Program in works to reduce smoking
GREENSBORO - A new $5 million anti-smoking program funded with money from the national tobacco settlement will be launched in North Carolina this year, Lt. Gov. Beverly Perdue said Wednesday.
The proposal, presented to members of the Health and Wellness Trust Commission, would be the first initiative using part of the state's share of the tobacco money that is aimed directly at reducing smoking.
The state's failure to use the tobacco money to reduce smoking led to it being criticized Tuesday in a report by a national anti-smoking group.
But Perdue said the report, issued by the National Center for Tobacco-Free Kids in Washington, was premature. She said the commission overseeing the Health and Wellness Trust fund had intended for months to use some of the money for teen-smoking prevention.
"There's a commitment to do something that works for kids," said Perdue, who hopes to see the program in place by July.
Board members are talking about committing $5 million a year to the program for three years and having the state Department of Health and Human Services run it.
The Health and Wellness Trust Fund is set to receive 25 percent of the state's share of the national settlement with cigarette companies, or $1.15 billion over 25 years. The fund has about $100 million in it now.
The commission's task force on teen-smoking prevention will discuss the project in a few weeks, and the full board will talk about it again in February.
"We do sense some urgency to make some recommendation," said Carole Bruce, task force chairwoman and a Greensboro lawyer.
At $5 million a year, spending on the anti-smoking initiative would fall far short of the $42.6 million the Centers for Disease Control and Prevention recommends the state put toward smoking prevention programs.
As directed by Gov. Mike Easley, the trust fund board made a prescription drug program for the elderly its priority. Last month, the group approved a three-year, $105 million drug subsidy program.
A coalition of health groups originally proposed a $25 million, statewide smoking-prevention program for the Health and Wellness Trust Fund Commission to consider. The $5 million proposal board members are discussing is a pared version of that plan.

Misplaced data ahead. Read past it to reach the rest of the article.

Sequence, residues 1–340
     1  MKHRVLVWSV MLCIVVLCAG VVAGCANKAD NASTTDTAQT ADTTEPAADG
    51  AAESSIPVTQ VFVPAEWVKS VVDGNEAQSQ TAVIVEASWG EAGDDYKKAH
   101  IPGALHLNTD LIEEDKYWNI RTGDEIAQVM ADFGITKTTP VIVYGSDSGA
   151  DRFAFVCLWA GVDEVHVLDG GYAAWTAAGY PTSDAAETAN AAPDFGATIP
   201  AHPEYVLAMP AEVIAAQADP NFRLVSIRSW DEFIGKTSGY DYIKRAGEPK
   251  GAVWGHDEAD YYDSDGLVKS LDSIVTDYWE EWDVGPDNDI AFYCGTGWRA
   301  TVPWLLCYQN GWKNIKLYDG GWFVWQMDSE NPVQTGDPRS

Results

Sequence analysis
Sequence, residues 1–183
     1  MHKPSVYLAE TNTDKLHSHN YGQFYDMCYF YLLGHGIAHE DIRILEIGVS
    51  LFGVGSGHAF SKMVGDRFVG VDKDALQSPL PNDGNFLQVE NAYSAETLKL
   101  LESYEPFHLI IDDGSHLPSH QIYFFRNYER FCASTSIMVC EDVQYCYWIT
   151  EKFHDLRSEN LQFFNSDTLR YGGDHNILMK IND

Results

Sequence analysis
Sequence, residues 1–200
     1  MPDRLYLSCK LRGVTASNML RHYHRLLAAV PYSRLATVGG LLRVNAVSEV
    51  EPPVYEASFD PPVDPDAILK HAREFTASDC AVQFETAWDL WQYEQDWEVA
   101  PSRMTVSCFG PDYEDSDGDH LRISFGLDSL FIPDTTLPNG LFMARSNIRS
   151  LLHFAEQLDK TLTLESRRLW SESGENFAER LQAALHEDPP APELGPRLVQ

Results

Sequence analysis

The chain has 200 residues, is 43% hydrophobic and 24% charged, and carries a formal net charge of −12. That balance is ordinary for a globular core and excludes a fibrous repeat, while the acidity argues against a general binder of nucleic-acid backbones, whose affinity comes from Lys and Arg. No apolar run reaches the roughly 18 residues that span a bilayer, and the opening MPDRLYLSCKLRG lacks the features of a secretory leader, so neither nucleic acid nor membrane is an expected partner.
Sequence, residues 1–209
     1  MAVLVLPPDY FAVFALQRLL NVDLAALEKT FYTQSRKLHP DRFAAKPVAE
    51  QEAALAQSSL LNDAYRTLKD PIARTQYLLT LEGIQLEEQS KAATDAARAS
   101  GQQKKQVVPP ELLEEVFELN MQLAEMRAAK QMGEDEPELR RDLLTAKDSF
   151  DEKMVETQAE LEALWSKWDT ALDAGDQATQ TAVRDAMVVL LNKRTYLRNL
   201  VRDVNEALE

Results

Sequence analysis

Rather than being spent statewide, the money would fund a multifaceted program in a few places.
The proposal earmarks $1.8 million for school and community programs aimed at promoting school anti-smoking policies and for activities that help youth, pregnant women and others quit smoking.
An additional $1.2 million, down from the $4 million originally recommended, would go to an ad campaign.
The plan also includes money for enforcement of the law prohibiting tobacco sales to minors, grants for African-American, American Indian and Latino groups for culturally specific programs, and evaluations of the program's effectiveness.
The National Center for Tobacco-Free Kids has endorsed the plan, even though it would have preferred more money be put toward a statewide effort.
"Our main message is the states should take the chance to fund a statewide, comprehensive program," said Amy Barkley, the regional advocacy representative for the anti-smoking group.
The trust fund board does not want the settlement money to be a permanent source of cash for any project, but anti-smoking groups hope the board will fund the statewide program after its commitment to the prescription drug plan ends.
"I hope they wouldn't write off using the health trust money for that," Barkley said. "I feel like that was the whole idea. It could be a source of tobacco prevention money for as long as we have settlement dollars."